Circus blames towns for area no-shows
Towns say organization failed to get necessary permits
GREENFIELD — The circus didn’t come to town Sunday, disappointing children and leaving questions. A Piccadilly Circus representative blamed the city and the two other Massachusetts municipalities in which the circus canceled shows Saturday through Monday.
Circus-goers were met at the Franklin County Fairground gates Sunday first by volunteers and later by printed notices.
Fred Steiner, president of the Franklin County Agricultural Society, said his organization rented out the fairgrounds to Piccadilly Circus and met people at the gates after learning the show was canceled.
“We didn’t know until about an hour-and-a-half before the first show that they didn’t show up,” Steiner said.
“We started doing some checking and we were able to get through to the people who run it and found out that there was an issue with permits with the town, and instead of telling us this Friday so we could make sure that things got into the radio or something, no, they just blew right past us and went to another town,” Steiner said. “I really felt bad for the kids.”
Steiner said he couldn’t get through to the media in time and couldn’t think of another way to warn people quickly that the circus would not be there when they arrived.
A circus representative said the Piccadilly Circus website announced the cancellation by email to those who had purchased tickets online and posted the information on its website. No announcement could be found on the website Sunday.
A person identifying herself as “Melissa, the assistant,” who twice hung up while being asked for her last name, said the problem was with Greenfield.
“It was something with the city. We’ve been doing the same thing for 40-plus years, over 200 cities per year, so I mean we went about the permits and everything the same way we always do, but the city proved to be ... I guess they just didn’t want us there,” Melissa said.
The same went for Pittsfield and Adams.
“We also had problems with the city; it’s something about that area. They just did not want us there, I guess. I don’t know what else to say,” Melissa said.
In Greenfield, the circus did not receive the entertainment license and associated permits from the town health department, building inspector or electrical inspector.
Greenfield Health Director Nicole Zabko said the circus organizers got in touch late, were told what documents and inspections were required and didn’t follow through.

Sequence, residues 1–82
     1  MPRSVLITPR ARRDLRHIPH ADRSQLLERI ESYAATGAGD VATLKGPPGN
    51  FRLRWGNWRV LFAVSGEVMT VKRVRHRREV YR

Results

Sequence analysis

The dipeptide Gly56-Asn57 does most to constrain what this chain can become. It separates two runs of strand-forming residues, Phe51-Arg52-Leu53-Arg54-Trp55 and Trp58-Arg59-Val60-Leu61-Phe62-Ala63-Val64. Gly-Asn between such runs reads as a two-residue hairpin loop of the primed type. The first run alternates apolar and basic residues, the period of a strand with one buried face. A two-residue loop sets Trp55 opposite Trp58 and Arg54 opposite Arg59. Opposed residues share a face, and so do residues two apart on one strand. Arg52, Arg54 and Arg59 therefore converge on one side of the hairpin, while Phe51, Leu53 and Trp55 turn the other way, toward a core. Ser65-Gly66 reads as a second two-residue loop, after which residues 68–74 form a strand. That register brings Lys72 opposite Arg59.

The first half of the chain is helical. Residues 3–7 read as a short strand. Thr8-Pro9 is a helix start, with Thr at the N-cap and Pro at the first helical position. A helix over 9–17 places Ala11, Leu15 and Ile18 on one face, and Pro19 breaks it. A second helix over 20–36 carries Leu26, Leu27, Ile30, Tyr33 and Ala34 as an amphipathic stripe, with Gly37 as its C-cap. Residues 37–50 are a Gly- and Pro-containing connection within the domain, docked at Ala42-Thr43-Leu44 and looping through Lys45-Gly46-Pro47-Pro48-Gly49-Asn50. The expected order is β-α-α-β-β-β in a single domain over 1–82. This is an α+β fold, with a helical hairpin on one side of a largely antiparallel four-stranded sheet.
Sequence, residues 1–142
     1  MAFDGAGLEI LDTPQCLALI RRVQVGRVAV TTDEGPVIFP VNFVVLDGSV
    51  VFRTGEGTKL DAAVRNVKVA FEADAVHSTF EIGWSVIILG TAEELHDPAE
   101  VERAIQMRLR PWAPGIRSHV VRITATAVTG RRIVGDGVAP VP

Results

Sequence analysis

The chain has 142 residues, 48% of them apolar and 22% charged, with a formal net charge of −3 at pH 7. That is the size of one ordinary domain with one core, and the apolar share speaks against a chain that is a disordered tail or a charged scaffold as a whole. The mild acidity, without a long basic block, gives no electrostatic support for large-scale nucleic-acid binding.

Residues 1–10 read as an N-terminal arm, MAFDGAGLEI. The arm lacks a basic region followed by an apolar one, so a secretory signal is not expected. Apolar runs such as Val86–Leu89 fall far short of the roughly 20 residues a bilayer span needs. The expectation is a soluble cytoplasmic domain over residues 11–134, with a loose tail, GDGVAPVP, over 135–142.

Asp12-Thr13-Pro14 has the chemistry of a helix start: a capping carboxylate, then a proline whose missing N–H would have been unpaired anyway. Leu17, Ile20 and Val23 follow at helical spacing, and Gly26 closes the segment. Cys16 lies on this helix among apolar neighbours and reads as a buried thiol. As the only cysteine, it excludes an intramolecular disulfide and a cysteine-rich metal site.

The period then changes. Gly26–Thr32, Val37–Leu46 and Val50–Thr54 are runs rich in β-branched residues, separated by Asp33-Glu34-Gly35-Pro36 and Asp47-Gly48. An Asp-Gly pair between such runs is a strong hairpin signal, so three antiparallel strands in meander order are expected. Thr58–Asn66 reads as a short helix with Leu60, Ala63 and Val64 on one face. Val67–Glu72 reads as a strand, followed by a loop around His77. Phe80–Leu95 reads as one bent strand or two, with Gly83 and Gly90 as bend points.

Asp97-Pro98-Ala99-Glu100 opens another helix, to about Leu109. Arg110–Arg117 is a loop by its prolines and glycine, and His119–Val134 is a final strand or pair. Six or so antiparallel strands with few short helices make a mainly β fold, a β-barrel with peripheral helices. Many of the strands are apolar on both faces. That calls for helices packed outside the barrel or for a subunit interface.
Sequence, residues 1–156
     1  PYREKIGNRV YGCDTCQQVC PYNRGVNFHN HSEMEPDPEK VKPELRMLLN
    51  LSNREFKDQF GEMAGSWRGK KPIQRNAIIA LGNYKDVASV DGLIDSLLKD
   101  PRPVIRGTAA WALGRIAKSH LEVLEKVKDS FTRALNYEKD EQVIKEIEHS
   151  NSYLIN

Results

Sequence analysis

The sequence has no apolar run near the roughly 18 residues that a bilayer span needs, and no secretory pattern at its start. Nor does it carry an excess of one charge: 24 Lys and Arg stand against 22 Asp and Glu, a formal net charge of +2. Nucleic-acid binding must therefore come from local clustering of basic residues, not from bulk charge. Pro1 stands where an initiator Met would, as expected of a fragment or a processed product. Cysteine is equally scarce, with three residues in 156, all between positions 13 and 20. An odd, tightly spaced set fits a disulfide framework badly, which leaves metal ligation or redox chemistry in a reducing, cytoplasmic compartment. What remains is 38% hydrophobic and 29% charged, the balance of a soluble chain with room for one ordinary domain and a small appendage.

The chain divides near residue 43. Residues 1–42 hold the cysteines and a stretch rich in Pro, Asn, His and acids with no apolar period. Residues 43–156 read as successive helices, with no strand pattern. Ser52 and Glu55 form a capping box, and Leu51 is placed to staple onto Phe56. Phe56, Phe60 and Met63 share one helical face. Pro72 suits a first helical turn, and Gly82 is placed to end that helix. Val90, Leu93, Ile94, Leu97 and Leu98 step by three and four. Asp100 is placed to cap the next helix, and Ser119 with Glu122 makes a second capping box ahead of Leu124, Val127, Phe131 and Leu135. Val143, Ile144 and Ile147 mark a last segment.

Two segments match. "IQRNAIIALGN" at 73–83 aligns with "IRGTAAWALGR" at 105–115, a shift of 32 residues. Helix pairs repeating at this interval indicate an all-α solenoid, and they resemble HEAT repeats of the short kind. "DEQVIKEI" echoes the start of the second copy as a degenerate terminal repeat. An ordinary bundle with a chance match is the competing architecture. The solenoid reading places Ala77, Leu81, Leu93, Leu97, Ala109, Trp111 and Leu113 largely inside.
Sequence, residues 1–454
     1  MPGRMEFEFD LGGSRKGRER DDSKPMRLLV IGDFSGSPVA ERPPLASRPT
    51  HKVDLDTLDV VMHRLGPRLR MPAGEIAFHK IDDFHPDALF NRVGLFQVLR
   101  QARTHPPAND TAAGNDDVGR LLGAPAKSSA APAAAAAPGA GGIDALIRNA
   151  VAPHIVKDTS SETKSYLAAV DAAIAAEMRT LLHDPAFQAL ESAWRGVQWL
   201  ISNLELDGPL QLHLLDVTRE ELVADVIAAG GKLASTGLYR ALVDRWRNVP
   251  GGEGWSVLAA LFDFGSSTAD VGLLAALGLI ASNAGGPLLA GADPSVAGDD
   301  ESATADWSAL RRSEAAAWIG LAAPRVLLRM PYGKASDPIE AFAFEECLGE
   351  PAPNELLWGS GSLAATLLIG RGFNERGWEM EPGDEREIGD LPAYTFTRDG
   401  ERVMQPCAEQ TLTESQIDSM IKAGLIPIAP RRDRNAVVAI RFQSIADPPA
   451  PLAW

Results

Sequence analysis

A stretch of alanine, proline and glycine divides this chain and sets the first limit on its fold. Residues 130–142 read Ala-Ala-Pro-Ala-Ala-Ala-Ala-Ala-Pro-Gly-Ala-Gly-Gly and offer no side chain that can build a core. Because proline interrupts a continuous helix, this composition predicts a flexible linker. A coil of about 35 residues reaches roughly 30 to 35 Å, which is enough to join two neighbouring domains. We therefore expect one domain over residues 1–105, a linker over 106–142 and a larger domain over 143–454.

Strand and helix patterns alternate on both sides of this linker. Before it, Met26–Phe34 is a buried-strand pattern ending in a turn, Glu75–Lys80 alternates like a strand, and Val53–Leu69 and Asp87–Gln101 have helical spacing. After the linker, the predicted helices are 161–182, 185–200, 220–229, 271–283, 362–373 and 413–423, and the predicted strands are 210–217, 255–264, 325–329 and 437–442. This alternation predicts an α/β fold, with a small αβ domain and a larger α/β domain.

“In this case, the circus was very late to apply for their entertainment license, and they did not meet the requirements that enabled the city to approve them,” Zabko said. “I would say it was just very poor planning on their end.”
Zabko said license applicants go through the licensing commission and the commission assistant contacts any department that might require a permit.
“Usually we hear from the licensing commission anywhere from about four months to about three weeks out for an event. We heard about this (last) Wednesday — so, just really late,” Zabko said.
Safety inspection reports on equipment such as the stands spectators would have sat on and documentation of the health and legality of exotic animals were required but not received, Zabko said.
“We did try to work with them but things came down to the wire on late Friday afternoon and it became apparent that they weren’t going to be able to produce the information that was required, nor at that point had they submitted permit applications, either,” she said.
No license was issued and the circus did not materialize, as it did not in Adams and Pittsfield, where Zabko said she understood from those town halls that the same situation had occurred.
Zabko said the process is all about health and safety, but varies from state to state and town to town, and the process could be different than what the Florida-based circus is used to.
Melissa said she isn’t in charge of the circus licensing department and couldn’t speak to the process.
In Adams, where the first show would have been held Saturday, Building Commissioner Don Fitzgerald said he pulled the plug on the circus on Thursday afternoon after the company provided some but not all of the information required and left no time for inspections.
“In our town? Bottom line was ... they did not even contact the town. What happened was we heard through the grapevine when somebody asked if Adams allowed elephants and camels,” Fitzgerald said.
Fitzgerald said he wrote in his email to the company that they would have loved to have the circus if they had applied in time and met the requirements.
“The rules are there for life-safety reasons, not just arbitrary, capricious rules,” Fitzgerald said. “We like circuses; we don’t like fiascoes.”
You can reach Chris Curtis at: firstname.lastname@example.org or 413-772-0261, ext. 257